How would you clean that trach mentioned above? It would get pretty gross rather quickly if you think about it. And, what if it gets clogged with a mucus plug? You would essentially have to replace the whole device pretty often. This was a problem, which the new trachs with inner cannulas fixed, and they could be reusable or disposable. The cannula lines the inside of the trach, which can be removed easily for cleaning. This cannula catches all of the germs, dirt, dust, and mucus that get caught up in the tube. Picture the following scenario.


You are the patient and you've just coughed up an incredibly tough mucus plug into your trach, completely occluding it. As hard as you try to breathe, no luck. You grab at your trach and try to pull it out but you can't because the cuff won't allow you to pull it out, and you have no syringe to deflate your own cuff.


Yikes, right? That's a scary situation. Luckily, trach patients don't have to worry about that anymore because they have their disposable inner cannula which they can easily remove, which will bring the mucus plug with it. All modern tracheostomies should have one of these, and they make dealing with obstructions much easier (including the cuffless and fenestrated ones we'll look at next).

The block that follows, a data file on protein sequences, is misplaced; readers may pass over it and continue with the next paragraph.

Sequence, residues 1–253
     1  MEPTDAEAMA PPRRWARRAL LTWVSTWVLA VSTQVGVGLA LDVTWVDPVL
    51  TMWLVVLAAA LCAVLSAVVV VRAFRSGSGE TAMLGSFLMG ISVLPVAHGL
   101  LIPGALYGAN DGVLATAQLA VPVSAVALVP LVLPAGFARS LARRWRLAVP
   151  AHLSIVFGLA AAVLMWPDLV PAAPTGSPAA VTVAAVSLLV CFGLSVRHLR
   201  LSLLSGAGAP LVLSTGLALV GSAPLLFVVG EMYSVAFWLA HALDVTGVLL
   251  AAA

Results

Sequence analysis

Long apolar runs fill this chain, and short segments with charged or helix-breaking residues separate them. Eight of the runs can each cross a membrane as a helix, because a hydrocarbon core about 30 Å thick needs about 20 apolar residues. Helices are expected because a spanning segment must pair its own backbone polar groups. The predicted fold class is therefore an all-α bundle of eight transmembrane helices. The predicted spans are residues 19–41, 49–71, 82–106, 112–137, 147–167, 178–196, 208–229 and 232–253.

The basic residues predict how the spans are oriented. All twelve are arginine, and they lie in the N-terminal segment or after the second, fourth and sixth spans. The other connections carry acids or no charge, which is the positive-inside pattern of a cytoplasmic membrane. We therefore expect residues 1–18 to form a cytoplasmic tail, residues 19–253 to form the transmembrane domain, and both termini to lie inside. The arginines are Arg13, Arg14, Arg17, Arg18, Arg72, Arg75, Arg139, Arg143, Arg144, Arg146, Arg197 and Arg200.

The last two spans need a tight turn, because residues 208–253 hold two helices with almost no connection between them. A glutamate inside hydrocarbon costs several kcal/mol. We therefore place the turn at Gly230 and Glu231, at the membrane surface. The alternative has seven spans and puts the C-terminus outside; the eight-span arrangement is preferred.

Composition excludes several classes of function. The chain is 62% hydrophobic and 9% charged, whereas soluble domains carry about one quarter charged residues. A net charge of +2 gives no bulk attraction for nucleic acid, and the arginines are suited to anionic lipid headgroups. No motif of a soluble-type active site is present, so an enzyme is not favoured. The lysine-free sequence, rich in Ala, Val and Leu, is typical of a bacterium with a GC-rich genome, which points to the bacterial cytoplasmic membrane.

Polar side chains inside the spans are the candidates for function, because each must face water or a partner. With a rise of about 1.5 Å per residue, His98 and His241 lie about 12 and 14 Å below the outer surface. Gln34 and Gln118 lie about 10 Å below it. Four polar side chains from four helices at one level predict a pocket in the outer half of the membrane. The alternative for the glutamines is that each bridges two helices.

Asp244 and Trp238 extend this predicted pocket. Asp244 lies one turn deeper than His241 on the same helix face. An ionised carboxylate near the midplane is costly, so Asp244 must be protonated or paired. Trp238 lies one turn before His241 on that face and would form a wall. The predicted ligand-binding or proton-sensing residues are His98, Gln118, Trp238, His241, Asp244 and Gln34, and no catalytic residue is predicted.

Here is an example where the cannula is actually required in order to attach a BVM since the adapter is connected to the inner cannula.


This type is VERY common. This inner cannula sits discretely inside the 15mm adapter and is barely noticeable. Those two 'wings' that you see squeeze together and allow the cannula to unclip and be removed.


Cuffless

Trachs do not have to have cuffs. In fact, many patients you'll encounter will not have a cuff. This should be part of your doorstep assessment of the patient. What are you looking for? A pilot balloon. If there's no pilot balloon, there's no cuff. The presence or absence of a cuff is something you'll want to note immediately, because without a cuff, how will you ventilate this person if you need to? You might wonder why someone would receive a cuffless trach in the first place - didn't the prescribing physician think of a case where this patient would need a ventilator? Cuffs make phonation more difficult even when deflated, and if the patient does not require any type of ventilation during the day or night (some trach patients are only on ventilators for portions of the day) then a cuffless tracheostomy will likely be used.


A cuffless tracheostomy, inner cannula, and obturator.


There is an exception to this rule about needing a cuff to ventilate a patient. If the patient has had their larynx removed (laryngectomy), you can use a cuffless trach for positive pressure ventilation (because there is no passageway from their trachea to their mouth or nose). You can usually tell if someone has had a laryngectomy just by palpating their neck. The stoma is also usually different in a patient with a laryngectomy. Because the trachea is being entirely rerouted, not just cut into, the stoma is larger and will sometimes simply have a filter attached to a LaryTube (pictures below). If the patient doesn't have any sort of 'trach' to attach to, just use an endotracheal tube. And keep in mind how easy it would be to right main-stem one of these patients since you're starting the ETT at almost the sternal notch (the carina isn't much further).